More kids, young adults are using sleeping pills

Few of the prescriptions OK'd by FDA

October 19, 2005|By NEW YORK TIMES NEWS SERVICE .

NEW YORK -- The use of sleeping pills among children and very young adults rose 85 percent from 2000 to 2004, a study shows, in yet another sign that parents and doctors are increasingly turning to prescription medications to solve childhood health and behavioral problems.

Also, about 15 percent of people under age 20 who received sleeping pills were also being given drugs to treat attention deficit and hyperactivity disorder, according to the study, by Medco Health Solutions, a managed-care company that makes estimates about medication use in the whole population based on extrapolations from its own data. Drugs used to treat attention disorders can cause insomnia.

Few of the prescriptions given to children and young adults have the approval of the Food and Drug Administration because no sleep medication has been approved for use in children under 18. Still, doctors commonly use medications for patients and disorders for which the drugs have never received formal approval, particularly when those patients are children.

Dr. Robert Epstein, Medco's chief medical officer, said, "It leads you to wonder whether these children are being treated for insomnia caused by hyperactivity or whether the medication itself causes the insomnia."

The use of sleeping medicines among adults doubled from 2000 to 2004, Medco found.

To perform its study, Medco took the prescription data from 2.4 million of its customers, a fraction of the more than 55 million Americans for whom it oversees drug plans. In 2000, of the 340,124 patients in this sample age 10 to 19, 554 took sleeping medicines. In 2004, of 342,568 patients age 10 to 19, 1,032 took sleeping pills, according to Medco. After adjusting statistically for the difference between the sample sizes, the jump in sleeping pill use was 85 percent, the company said.

The company found that the older the person, the more likely they were to use sleeping pills. Of those age 20 to 44, nearly 3 percent - or 2.8 million people - received prescriptions for sleep medicines in 2004, Medco found. More than 5 percent of those age 45 to 64, or 3.3 million people, used the pills that year, while more than 6 percent of those age 65 and older, or more than 2.2 million people, took sleeping pills, said Medco.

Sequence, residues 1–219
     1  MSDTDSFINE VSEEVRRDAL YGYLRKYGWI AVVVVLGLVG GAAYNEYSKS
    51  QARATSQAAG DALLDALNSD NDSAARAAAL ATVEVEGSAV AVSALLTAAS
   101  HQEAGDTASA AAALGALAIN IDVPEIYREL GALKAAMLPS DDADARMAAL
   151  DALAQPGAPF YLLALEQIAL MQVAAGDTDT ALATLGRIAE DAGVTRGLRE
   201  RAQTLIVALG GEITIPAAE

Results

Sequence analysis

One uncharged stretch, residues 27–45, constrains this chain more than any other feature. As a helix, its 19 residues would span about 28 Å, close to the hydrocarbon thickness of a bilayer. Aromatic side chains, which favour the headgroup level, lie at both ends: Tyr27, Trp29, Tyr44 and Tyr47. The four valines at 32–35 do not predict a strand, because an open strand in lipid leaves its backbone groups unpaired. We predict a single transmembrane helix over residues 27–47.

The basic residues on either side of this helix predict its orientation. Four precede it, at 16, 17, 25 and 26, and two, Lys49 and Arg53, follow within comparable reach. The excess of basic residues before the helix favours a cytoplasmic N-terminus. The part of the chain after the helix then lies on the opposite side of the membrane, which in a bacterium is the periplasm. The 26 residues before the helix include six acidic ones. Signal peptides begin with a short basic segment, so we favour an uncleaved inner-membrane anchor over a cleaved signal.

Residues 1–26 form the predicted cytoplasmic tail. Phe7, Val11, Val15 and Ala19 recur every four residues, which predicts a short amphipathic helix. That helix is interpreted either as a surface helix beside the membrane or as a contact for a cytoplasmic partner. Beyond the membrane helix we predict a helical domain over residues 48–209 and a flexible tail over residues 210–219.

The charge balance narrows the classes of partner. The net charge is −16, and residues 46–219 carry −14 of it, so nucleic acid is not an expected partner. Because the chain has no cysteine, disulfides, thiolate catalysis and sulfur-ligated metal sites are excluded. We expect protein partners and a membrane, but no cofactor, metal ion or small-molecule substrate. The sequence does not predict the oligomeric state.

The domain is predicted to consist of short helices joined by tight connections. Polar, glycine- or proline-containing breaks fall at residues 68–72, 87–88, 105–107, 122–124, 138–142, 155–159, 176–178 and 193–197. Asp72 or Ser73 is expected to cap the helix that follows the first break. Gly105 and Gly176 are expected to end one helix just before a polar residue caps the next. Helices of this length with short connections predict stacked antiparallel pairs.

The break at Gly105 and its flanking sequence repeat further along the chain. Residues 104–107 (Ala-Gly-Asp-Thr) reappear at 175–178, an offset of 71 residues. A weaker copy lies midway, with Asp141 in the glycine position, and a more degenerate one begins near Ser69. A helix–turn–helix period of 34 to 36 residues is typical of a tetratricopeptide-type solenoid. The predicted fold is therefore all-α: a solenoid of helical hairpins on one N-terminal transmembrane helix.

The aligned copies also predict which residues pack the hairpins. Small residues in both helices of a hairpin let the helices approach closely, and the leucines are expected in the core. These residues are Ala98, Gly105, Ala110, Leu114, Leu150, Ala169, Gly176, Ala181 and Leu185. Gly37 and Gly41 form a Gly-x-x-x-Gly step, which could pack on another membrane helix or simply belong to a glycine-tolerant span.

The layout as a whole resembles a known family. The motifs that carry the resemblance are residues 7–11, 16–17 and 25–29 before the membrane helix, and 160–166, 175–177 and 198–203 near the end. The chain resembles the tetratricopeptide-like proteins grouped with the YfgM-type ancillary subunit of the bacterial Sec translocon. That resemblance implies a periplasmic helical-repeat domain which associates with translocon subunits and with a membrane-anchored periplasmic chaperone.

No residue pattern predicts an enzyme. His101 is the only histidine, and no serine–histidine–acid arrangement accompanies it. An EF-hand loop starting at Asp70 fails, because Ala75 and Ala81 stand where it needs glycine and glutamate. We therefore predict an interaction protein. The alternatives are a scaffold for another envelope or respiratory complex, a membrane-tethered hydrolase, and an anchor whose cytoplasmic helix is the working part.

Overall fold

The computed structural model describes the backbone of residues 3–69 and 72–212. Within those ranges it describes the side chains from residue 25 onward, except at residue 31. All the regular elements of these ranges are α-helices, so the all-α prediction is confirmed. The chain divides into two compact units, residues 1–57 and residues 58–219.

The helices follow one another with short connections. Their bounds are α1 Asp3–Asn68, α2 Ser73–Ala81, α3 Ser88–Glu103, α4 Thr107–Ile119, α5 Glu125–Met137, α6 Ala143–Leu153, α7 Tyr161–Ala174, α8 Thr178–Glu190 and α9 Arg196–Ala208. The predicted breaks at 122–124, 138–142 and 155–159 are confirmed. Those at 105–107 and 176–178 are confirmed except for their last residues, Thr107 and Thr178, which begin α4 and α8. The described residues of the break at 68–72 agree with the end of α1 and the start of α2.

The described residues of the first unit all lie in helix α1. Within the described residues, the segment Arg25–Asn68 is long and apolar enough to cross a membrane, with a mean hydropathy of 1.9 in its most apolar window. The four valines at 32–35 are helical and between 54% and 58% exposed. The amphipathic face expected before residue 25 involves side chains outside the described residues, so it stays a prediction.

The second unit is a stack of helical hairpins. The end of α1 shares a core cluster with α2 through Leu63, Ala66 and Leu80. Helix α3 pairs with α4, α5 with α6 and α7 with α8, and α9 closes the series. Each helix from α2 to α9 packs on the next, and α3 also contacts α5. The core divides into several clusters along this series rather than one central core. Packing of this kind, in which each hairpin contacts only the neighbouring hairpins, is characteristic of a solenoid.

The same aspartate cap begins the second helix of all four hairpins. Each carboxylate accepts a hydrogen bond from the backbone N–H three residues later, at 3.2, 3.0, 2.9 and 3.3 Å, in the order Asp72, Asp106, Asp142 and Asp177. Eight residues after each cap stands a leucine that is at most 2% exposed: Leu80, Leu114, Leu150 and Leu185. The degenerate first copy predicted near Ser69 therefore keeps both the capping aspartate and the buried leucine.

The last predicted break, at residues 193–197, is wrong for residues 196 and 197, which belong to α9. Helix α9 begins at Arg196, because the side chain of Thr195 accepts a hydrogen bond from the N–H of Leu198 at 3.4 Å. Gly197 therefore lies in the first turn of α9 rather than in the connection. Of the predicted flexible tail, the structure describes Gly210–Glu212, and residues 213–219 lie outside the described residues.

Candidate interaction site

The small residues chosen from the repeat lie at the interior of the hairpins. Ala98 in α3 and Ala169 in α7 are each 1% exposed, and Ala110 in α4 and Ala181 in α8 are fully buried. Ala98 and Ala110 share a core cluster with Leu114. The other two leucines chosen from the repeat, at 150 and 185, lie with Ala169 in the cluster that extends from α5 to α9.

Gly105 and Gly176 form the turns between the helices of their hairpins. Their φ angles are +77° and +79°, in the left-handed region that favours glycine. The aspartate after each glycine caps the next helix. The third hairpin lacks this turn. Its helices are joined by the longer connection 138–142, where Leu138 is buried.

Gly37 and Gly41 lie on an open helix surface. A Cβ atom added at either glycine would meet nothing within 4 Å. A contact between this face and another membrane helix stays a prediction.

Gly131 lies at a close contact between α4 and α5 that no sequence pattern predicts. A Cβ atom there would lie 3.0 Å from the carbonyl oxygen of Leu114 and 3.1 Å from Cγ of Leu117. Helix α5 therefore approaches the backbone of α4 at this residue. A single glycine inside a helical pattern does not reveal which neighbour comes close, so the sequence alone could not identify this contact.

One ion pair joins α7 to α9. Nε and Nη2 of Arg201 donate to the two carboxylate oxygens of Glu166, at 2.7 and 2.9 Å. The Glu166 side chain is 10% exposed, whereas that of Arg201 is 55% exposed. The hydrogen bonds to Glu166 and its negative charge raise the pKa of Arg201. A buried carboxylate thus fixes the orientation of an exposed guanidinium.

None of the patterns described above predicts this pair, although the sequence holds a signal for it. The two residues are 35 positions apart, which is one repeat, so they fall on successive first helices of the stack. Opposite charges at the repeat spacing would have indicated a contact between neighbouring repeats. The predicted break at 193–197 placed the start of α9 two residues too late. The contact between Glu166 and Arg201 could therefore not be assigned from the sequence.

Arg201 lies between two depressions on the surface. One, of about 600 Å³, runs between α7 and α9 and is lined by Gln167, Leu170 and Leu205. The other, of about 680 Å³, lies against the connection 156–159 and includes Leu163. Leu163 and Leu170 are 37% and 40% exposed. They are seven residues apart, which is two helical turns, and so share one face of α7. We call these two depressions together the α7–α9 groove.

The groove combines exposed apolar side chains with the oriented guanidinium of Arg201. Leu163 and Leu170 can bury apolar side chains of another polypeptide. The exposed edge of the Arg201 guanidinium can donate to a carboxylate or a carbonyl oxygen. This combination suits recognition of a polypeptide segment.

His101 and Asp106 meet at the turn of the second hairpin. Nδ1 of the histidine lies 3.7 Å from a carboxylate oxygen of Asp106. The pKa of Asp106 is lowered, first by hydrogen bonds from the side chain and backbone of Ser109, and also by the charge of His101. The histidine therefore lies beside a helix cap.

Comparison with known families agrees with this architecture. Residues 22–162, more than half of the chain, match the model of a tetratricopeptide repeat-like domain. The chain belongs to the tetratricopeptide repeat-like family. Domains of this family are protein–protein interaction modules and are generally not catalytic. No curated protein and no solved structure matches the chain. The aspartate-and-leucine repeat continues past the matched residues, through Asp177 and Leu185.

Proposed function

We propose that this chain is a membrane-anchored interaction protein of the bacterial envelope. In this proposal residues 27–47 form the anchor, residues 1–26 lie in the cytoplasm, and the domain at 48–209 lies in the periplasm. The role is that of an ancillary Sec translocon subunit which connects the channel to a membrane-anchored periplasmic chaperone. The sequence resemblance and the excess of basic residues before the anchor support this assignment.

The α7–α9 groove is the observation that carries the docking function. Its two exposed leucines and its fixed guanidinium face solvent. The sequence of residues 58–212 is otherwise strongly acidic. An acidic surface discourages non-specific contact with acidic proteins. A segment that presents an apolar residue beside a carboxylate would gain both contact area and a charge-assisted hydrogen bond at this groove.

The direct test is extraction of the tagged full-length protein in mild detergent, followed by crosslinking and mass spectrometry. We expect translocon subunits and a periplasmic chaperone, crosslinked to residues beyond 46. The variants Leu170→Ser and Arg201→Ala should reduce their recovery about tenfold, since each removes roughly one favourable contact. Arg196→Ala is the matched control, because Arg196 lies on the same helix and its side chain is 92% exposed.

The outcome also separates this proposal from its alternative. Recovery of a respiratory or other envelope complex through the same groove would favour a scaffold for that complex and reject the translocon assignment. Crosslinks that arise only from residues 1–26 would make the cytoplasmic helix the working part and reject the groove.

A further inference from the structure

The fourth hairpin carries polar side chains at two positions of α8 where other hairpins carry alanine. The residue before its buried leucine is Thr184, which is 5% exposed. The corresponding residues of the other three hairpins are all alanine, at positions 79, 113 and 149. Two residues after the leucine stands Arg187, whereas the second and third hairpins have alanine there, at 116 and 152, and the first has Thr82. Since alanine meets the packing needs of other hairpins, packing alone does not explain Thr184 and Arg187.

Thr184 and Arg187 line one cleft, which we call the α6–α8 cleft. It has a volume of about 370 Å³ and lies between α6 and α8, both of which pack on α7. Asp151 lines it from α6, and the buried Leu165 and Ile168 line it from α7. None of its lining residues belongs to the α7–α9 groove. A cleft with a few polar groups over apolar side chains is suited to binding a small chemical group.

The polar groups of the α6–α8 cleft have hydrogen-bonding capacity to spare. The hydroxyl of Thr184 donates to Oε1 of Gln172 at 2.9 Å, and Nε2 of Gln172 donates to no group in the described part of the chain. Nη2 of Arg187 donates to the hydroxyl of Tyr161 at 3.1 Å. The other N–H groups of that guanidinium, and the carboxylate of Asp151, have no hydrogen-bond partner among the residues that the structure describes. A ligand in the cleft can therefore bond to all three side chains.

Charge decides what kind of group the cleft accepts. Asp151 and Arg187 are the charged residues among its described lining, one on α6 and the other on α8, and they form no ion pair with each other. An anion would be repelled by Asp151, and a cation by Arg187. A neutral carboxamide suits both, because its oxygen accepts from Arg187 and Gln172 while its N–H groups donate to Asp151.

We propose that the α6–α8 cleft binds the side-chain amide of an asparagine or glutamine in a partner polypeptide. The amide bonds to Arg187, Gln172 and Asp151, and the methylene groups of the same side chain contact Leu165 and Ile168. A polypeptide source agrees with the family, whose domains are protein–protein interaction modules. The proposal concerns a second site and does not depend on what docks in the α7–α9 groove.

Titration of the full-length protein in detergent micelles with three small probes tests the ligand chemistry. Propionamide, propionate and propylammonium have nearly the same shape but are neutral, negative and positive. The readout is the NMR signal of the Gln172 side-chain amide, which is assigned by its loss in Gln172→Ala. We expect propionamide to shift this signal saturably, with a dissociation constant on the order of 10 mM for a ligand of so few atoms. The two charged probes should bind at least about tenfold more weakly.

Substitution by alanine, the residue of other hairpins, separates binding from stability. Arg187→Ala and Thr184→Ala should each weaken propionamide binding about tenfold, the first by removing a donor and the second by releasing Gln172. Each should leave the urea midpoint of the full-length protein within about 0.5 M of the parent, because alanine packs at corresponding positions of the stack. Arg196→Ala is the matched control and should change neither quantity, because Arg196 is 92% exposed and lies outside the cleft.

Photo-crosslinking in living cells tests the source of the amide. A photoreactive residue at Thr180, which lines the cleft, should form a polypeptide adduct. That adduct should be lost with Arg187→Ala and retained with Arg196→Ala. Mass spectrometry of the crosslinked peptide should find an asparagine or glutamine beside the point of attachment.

At every age, girls and women were more likely than boys and men to take sleeping pills. Among those 65 and older, for instance, roughly twice as many women as men got the drugs in 2004, Medco found.

"Although the elderly are still the most frequent users of sleeping aids, the evidence found in this study shows that younger adults and children are starting to use these medications with even greater frequency," Epstein said.

The increase is part of a broader rise in prescriptions for children, particularly for behavioral medicines, said Ann Smith, a Medco spokeswoman.

Expensive marketing campaigns by makers of sleeping pills were an important factor behind the rising drug use, experts said. And because those campaigns expanded in 2005 after the introduction of a new pill, Lunesta, experts said the drugs' use quite likely increased even faster this year. Medco did not have data for 2005.

Executives for Sepracor, Lunesta's maker, have said that their advertising spending would initially rival that of McDonald's. Experts were divided about whether all these pills helped or hurt those taking them.

Dr. Andrew D. Krystal, director of the insomnia and sleep research program at Duke Medical Center, said that insomnia had long been undertreated, and that few doctors recognized how much insomnia could worsen other medical problems.

Long-term medication can help relieve these problems, he said.

Krystal said he consulted for and did research paid for by several drug companies.

Gregg Jacobs, an assistant professor of psychiatry at Harvard Medical School, said the trends reported by Medco were unfortunate because "too many prescriptions are being written for people who don't need a prescription or who would do just as well or better with cognitive behavioral therapy, which doesn't have the side effects of medication."

Jacobs said drug companies exaggerated their pills' beneficial effects and underplayed their deleterious ones.

For instance, Sepracor's own studies of Lunesta show that the drug reduces the time that insomniacs take to fall asleep by just 15 minutes - from a little more than an hour to about 50 minutes, Jacobs said.

And insomniacs who take Lunesta still sleep only about six hours a night, he said.

"Lunesta doesn't work that much better than a sugar pill; it impairs your cognitive performance the next day, and as soon as you stop taking the drug your insomnia comes right back," said Jacobs, who said he did not consult for drug makers.

David Southwell, Sepracor's chief financial officer, responded, "The drug clearly puts you to sleep, and clearly our drug keeps you asleep longer not only than placebo but longer than other shorter acting drugs."

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